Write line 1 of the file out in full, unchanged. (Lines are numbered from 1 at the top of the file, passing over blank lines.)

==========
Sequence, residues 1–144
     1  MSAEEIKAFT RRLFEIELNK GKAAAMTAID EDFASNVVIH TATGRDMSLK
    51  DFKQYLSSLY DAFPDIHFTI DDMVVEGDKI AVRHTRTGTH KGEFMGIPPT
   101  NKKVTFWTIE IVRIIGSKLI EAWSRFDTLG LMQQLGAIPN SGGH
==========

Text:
Sequence, residues 1–144